Apple's Ban Request Denied, Samsung Drops Lawsuits
Updated: added second-to-last sentence.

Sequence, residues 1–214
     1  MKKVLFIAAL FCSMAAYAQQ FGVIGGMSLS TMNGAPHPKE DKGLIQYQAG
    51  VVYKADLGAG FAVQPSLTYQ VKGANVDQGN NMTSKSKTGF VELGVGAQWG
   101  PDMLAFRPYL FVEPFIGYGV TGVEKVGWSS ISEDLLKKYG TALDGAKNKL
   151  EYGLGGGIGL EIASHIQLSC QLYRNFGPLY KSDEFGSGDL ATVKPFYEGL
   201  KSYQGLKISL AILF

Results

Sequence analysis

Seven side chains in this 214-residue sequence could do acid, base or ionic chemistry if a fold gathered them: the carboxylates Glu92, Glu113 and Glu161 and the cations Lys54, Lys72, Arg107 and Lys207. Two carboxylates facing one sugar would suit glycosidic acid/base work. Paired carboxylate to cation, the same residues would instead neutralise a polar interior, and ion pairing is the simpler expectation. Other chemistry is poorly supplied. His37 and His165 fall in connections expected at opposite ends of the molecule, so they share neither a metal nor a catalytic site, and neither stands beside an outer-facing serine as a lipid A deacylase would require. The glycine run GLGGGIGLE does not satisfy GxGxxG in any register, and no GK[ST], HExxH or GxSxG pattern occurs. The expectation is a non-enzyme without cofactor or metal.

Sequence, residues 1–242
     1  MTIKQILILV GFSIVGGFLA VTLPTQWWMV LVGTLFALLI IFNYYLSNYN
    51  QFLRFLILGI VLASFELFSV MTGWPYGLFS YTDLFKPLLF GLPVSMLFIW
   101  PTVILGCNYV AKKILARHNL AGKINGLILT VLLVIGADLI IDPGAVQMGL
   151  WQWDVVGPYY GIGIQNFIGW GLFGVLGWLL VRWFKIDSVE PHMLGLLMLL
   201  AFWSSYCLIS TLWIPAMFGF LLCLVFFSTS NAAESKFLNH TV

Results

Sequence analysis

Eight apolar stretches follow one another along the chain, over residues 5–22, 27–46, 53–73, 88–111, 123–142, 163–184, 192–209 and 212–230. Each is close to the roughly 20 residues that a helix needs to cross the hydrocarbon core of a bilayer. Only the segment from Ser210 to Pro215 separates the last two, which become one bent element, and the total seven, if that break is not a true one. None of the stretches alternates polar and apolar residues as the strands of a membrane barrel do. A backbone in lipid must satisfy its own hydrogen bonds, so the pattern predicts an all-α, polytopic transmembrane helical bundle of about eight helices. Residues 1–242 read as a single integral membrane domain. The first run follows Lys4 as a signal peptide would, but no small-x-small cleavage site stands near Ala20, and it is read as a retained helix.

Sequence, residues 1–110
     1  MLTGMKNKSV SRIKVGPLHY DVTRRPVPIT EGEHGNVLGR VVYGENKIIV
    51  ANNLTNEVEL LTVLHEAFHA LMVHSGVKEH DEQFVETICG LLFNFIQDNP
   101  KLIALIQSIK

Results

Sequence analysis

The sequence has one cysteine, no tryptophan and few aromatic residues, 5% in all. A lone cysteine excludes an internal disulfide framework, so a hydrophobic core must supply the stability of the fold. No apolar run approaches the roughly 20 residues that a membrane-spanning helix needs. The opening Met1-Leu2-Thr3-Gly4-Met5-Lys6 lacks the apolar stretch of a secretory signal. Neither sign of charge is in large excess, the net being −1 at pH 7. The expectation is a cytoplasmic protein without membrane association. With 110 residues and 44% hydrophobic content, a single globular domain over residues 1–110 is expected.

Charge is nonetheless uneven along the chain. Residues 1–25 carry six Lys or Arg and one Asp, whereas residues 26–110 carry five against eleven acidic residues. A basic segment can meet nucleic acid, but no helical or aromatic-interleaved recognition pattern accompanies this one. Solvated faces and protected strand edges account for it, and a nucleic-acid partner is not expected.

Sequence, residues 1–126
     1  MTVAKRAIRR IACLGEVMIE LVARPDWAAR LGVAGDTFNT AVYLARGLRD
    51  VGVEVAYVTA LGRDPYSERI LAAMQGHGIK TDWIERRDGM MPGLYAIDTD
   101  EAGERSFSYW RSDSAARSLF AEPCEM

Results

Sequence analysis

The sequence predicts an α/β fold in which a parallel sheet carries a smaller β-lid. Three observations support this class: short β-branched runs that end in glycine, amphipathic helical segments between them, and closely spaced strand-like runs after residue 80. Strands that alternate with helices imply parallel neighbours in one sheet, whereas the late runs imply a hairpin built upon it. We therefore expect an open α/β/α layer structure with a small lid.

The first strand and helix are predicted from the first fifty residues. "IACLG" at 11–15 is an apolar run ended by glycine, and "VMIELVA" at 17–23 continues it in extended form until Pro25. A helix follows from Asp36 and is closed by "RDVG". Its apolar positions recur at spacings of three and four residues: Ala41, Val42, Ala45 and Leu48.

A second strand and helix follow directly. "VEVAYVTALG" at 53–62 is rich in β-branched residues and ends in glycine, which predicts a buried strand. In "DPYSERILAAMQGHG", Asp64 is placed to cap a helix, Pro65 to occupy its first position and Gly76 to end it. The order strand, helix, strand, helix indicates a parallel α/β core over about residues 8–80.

U.S. District Court Judge Lucy Koh denied Apple's request to ban 26 Samsung smartphones, despite the fact that a jury found Samsung guilty of infringing on Apple's patents earlier this year. "The fact that Apple may have lost customers and downstream sales to Samsung is not enough to justify an injunction," ruled Koh in a filing on Monday. "Samsung may have cut into Apple's customer base somewhat, but there is no suggestion that Samsung will wipe out Apple's customer base or force Apple out of the business of making smartphones." Many of the devices are already no longer for sale. At the same time, Koh denied Samsung's request for a new trial. Samsung alleged that the jury foreman withheld some information about his prior experience with litigation and wanted the $1.05 billion judgement vacated in its entirety. Koh disagreed with Samsung's allegations. Judge Koh has not made any rulings on the final amount of damages Samsung is to pay Apple. Separately, Samsung today said it would drop lawsuits filed against Apple in several European countries, including Denmark, Germany, the Netherlands, and the U.K. "Samsung has decided to withdraw our injunction requests against Apple on the basis of our standard essential patents pending in European courts, in the interest of protecting consumer choice," the company said in a statement. Samsung was facing a European Commission investigation of its use of standard essential patents to wrangle licensing terms. The two companies still have patent battles underway in several other countries, including Australia and the U.S.